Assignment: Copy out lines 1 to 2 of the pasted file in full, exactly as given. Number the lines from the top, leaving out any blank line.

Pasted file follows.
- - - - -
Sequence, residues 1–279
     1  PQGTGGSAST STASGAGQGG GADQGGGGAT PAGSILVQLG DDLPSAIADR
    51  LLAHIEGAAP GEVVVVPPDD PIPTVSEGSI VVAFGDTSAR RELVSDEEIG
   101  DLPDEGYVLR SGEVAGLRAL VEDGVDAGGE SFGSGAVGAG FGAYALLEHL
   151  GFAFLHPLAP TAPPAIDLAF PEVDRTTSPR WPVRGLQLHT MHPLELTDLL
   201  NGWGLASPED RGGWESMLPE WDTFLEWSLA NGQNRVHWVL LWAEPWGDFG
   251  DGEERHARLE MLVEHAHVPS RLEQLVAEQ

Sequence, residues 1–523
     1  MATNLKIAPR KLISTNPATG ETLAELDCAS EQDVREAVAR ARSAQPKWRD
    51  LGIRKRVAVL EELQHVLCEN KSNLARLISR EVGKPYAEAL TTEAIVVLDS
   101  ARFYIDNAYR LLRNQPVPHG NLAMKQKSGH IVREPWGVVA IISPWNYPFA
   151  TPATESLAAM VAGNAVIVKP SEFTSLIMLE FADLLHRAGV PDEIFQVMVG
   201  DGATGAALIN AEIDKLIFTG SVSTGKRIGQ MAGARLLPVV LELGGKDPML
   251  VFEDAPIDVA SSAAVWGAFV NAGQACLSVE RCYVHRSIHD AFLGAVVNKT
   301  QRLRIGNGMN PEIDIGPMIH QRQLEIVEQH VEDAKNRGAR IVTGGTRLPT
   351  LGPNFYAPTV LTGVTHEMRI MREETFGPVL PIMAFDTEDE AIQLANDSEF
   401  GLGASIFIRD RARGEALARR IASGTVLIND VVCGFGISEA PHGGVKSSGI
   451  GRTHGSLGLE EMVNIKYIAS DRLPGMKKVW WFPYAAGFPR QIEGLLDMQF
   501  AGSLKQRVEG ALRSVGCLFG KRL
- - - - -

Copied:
Sequence, residues 1–279
     1  PQGTGGSAST STASGAGQGG GADQGGGGAT PAGSILVQLG DDLPSAIADR